SACRAMENTO – (Thursday, April 15, 2021) – Californians who are out of work during the pandemic have experienced a host of issues with the debit cards used to access their unemployment benefits—from fraudulent transactions to frozen accounts and more. Today, Assemblywoman Lorena Gonzalez’s (D-San Diego) Assembly Bill 74 to require the Employment Development Department (EDD) to provide a direct deposit option received unanimous, bipartisan approval by the Assembly Insurance Committee.
“Too many Californians have had to wait months to be approved for unemployment benefits, only to run into problems with their debit card,” Assemblywoman Gonzalez said. “Making a direct deposit option available is a simple, commonsense solution to so many challenges we know California residents are facing.”
Assembly Bill 74 would allow individuals receiving unemployment insurance, paid family leave, or disability insurance benefits the choice to have the funds deposited directly into their bank accounts, instead of being mailed a paper check or being issued a Bank of America debit card.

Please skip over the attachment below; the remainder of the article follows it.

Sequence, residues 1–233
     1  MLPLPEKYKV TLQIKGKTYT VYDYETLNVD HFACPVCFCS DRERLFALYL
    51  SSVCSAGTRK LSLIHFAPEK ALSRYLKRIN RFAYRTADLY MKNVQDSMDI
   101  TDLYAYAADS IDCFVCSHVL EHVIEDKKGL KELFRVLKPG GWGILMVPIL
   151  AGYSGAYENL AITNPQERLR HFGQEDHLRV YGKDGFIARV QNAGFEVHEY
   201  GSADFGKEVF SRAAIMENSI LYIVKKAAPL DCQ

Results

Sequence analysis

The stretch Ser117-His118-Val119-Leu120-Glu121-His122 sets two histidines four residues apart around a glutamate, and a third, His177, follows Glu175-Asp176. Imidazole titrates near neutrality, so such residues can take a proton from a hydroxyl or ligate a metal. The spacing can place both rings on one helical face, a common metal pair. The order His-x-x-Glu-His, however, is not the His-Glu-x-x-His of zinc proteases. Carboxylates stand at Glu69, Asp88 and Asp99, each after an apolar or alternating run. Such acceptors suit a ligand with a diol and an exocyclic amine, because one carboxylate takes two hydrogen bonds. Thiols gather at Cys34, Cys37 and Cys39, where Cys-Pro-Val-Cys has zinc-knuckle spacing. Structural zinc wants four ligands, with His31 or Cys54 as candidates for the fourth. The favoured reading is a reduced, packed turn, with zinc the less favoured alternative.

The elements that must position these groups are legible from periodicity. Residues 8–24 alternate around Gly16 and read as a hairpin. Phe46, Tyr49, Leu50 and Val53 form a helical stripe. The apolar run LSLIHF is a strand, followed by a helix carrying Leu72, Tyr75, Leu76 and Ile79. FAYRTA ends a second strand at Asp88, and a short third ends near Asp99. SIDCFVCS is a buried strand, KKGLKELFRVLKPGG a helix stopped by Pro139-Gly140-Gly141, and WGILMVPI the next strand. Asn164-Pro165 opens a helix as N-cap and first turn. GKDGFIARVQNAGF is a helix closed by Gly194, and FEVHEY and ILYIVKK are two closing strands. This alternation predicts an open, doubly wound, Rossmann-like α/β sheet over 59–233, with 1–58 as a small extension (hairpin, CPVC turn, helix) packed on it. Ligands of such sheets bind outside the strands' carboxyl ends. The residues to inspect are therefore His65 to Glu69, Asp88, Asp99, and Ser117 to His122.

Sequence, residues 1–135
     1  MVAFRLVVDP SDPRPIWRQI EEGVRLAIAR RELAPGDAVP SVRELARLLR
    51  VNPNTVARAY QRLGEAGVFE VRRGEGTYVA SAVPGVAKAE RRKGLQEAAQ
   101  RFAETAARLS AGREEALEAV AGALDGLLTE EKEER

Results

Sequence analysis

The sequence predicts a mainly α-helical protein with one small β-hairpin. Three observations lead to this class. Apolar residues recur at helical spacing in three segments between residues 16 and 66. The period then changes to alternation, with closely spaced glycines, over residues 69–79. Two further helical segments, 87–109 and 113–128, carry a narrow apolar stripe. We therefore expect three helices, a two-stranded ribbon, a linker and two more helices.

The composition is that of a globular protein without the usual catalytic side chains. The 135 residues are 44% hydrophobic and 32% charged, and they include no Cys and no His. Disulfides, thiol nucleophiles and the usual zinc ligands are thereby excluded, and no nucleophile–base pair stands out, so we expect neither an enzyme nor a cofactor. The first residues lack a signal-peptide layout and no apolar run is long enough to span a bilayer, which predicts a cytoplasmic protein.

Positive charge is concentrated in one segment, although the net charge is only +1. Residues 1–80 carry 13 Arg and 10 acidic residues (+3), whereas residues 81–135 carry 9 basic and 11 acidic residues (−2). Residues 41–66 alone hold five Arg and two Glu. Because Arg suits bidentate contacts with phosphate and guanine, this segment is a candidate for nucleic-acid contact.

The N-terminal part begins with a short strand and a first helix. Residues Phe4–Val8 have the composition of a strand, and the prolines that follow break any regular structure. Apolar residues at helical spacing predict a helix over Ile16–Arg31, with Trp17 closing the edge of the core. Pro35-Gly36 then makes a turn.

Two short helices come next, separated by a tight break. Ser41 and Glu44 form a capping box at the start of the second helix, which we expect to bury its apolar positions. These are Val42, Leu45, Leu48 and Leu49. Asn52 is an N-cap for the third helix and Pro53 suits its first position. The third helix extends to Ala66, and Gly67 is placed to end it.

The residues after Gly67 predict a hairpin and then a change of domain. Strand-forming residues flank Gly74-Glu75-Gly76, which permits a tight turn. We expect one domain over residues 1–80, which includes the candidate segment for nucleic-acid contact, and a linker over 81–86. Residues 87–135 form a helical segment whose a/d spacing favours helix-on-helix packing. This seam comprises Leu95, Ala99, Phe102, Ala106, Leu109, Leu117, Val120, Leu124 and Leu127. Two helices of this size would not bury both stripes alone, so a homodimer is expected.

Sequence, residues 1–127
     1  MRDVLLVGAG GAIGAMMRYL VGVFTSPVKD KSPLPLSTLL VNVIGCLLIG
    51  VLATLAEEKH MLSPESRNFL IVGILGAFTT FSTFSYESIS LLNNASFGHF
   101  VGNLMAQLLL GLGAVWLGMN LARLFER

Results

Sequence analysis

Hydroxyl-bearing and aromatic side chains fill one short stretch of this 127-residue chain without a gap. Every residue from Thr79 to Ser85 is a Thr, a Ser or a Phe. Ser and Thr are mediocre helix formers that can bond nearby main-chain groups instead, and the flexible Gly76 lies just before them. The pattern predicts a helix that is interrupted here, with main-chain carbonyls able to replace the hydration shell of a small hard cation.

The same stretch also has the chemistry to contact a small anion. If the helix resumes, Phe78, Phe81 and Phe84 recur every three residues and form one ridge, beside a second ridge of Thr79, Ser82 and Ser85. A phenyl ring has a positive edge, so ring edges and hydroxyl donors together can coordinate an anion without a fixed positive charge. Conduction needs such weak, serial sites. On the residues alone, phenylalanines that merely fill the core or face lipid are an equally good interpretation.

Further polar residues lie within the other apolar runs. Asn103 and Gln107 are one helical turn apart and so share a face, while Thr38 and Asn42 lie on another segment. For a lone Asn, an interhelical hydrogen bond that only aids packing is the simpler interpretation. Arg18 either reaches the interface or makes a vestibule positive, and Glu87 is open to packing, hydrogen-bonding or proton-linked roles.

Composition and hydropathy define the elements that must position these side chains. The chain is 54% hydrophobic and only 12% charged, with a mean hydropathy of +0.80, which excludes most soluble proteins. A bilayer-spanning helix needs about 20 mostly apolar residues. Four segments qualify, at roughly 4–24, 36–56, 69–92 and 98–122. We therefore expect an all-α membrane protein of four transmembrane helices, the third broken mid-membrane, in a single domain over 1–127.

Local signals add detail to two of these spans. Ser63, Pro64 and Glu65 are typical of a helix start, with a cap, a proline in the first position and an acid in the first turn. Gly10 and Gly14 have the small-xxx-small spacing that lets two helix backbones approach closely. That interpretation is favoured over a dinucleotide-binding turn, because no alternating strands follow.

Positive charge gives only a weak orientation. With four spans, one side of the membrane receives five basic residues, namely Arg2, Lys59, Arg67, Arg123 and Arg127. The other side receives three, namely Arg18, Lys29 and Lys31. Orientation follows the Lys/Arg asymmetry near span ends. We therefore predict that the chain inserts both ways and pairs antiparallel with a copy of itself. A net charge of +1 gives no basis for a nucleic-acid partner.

California is one of only two states in the country that does not offer a direct deposit option for unemployment benefits. Currently, the debit cards issued to unemployment benefit recipients are distributed by Bank of America and do not include “chip technology” used to help prevent fraud. The EDD has no direct access to the funds distributed on the cards and has no ability to resolve any issues for individual debit cards. The debit cards issued by Bank of America are also subject to a withdrawal limit of $1,000 a day, in addition to running the risk of being stolen or lost.
For questions or to schedule an interview with Assemblywoman Gonzalez, contact Mike Blount: Mike.Blount@asm.ca.gov